Jan 15, 2024 2 min read

The year ahead: Paul Clements, CEO and Ornella Nsio, Chief Policy & Public Affairs Officer of MPA

MPA CEO Paul Clements and Chief Policy & Public Affairs Officer Ornella Nsio look ahead to 2024 in the latest of our series of interviews with the music industry’s trade bodies. They discuss the organisation’s lobbying regarding AI in 2023 and how that work will continue in the year ahead.

The year ahead: Paul Clements, CEO and Ornella Nsio, Chief Policy & Public Affairs Officer of MPA

As we head into 2024, CMU recently sat down with the bosses of many of the music industry’s trade organisations to talk about their work, the key challenges faced by their members, and what to expect in the year ahead. Today the UK’s Music Publishers Association CEO Paul Clements and Chief Policy & Public Affairs Officer Ornella Nsio. MPA also owns the mechanical rights collecting society MCPS. 

Explore the full series of interviews

What was a big win for you and your members in 2023?

The UK government scrapping its proposed copyright exception for text and data mining was hugely important for us and our members. 

The proposal could have led to the exploitation of millions of our music rightsholders’ copyrights without the need to pay fairly for the use of the music, and the MPA is proud of the work we did - in collaboration with other trade associations - to stop that proposal.

Has AI been a key focus for you in the last year? 

Yes, the explosion of AI music platforms and tools has presented a huge challenge for rightsholders.

The MPA has been working to lobby the government and the Intellectual Property Office to make it clear that UK intellectual property law should be respected when any music content is ingested by AI systems, while we have encouraged them to also introduce a sufficient regulatory framework to ensure that both rightsholders’ and consumers’ interests are suitably protected. 

Both permissions being sought to ingest music, and a licence being agreed in advance of any copyright being utilised by large language models, are fundamental points we maintain.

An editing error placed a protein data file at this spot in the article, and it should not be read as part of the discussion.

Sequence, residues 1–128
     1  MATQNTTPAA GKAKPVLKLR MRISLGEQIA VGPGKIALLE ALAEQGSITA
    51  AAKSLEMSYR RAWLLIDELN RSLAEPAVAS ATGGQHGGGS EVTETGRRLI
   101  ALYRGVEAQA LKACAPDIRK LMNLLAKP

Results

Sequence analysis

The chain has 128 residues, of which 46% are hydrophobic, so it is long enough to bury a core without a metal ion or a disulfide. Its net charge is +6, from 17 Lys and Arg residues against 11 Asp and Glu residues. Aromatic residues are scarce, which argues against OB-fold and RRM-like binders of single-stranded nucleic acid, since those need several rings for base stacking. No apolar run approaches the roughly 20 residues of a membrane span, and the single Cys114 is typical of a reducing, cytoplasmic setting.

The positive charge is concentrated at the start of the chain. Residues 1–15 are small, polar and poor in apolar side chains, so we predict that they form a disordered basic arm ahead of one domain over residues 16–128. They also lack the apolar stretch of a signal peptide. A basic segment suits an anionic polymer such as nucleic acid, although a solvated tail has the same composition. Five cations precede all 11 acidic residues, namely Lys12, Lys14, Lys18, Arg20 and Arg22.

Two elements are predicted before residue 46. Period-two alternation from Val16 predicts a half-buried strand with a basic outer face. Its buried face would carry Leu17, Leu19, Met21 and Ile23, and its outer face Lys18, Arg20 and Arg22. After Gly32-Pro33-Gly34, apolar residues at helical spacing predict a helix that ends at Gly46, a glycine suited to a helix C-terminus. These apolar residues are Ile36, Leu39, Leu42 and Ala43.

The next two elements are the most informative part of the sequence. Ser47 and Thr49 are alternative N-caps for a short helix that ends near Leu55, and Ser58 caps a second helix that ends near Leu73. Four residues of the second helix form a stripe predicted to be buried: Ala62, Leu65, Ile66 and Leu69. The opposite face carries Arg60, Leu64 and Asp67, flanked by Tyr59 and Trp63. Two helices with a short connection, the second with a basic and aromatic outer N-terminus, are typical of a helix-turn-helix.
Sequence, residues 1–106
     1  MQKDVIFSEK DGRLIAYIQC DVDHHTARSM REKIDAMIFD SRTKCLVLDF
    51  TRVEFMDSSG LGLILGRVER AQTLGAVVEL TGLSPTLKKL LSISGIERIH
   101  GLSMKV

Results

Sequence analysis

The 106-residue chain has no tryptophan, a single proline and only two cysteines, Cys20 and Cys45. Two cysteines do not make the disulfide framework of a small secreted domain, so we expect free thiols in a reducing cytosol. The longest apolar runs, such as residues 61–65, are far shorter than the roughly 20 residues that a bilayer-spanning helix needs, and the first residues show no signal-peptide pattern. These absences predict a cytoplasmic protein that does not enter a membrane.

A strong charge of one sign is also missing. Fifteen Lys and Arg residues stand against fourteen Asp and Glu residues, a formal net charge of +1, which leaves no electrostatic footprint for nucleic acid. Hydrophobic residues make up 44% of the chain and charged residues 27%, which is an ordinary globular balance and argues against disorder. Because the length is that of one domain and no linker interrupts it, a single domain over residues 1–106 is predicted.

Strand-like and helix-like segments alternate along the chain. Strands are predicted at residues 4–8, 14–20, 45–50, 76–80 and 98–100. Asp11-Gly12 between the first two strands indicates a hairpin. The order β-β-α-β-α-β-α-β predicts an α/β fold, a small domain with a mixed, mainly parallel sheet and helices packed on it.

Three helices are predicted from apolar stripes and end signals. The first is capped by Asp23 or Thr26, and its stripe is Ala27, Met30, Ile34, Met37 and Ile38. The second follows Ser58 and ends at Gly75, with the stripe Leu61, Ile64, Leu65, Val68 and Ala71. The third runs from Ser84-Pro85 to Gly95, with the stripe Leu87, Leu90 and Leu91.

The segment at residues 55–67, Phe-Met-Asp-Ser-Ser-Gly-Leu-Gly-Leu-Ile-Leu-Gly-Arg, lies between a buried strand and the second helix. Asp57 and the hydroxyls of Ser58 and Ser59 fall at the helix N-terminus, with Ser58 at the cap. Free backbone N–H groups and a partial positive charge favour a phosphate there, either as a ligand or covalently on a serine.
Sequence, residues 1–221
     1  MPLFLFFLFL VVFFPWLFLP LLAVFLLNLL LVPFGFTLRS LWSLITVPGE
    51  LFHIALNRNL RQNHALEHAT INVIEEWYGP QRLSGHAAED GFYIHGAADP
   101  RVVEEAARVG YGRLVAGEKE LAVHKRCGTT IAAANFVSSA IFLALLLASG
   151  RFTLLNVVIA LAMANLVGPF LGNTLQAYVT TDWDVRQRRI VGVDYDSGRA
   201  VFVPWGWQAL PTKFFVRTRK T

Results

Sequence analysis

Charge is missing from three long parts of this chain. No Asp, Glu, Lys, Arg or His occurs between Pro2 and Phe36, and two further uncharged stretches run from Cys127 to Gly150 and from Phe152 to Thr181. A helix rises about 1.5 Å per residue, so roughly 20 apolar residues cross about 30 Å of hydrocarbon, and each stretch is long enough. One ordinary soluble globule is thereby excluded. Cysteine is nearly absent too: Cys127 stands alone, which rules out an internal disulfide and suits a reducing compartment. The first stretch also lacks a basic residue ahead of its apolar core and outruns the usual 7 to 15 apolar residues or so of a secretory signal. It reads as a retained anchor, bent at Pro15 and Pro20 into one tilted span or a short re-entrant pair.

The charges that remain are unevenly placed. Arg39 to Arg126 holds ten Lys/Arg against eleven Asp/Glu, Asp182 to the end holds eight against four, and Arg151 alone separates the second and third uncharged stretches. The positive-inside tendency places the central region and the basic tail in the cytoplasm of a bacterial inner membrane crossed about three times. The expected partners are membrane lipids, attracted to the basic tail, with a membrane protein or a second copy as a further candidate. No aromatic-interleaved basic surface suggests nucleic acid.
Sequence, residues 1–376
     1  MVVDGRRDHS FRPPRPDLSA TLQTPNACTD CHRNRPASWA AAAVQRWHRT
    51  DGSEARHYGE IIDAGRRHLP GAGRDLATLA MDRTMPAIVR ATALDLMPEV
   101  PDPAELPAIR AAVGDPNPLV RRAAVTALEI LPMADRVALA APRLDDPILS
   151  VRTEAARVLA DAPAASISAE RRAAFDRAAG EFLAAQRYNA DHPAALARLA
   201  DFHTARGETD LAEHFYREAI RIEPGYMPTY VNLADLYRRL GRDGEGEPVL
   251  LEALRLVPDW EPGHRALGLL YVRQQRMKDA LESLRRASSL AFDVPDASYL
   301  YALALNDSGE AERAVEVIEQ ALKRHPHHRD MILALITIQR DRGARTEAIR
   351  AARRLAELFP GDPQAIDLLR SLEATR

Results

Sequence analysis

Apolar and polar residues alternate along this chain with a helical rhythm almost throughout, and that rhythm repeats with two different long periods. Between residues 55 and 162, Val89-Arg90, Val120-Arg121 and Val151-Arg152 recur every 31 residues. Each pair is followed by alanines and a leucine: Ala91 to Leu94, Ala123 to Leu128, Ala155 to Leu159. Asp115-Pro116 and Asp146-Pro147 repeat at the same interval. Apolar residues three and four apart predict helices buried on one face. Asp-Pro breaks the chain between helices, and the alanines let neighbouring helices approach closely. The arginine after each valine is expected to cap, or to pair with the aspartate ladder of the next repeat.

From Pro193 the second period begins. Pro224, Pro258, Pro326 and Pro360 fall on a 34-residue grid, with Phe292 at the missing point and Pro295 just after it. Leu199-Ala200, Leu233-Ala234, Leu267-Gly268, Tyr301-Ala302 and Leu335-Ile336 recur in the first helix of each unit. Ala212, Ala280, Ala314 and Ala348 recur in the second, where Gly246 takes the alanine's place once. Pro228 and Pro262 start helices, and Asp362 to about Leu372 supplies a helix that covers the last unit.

We have met with ministers and shadow ministers to express our concerns and set out our clear policy related asks. We have also been working with businesses and broadcasters to help them adopt an ethical and responsible approach to the use of AI while championing human-authored works.

What will be key priorities in the year ahead? 

Ensuring that the UK’s world-class creative industries are supported in parallel with AI developments will continue to be a challenge in the next year. 

We have been working with the IPO, other rightsholder bodies and AI platforms in the hope of us agreeing a code of practice for AI developers. However, it remains to be seen whether this can be completed and if AI developers will sign up to the code should it be completed.

On a more positive note, MCPS is excited to be celebrating its centenary in 2024. The industry has gone through various cycles of opportunity and challenge, however, the MCPS board and management team remain as committed as ever to delivering growth and the best level of cost-effective service possible for its members. 

As MCPS moves into its second century we look forward to looking back and celebrating our achievements, while striving forward positively.

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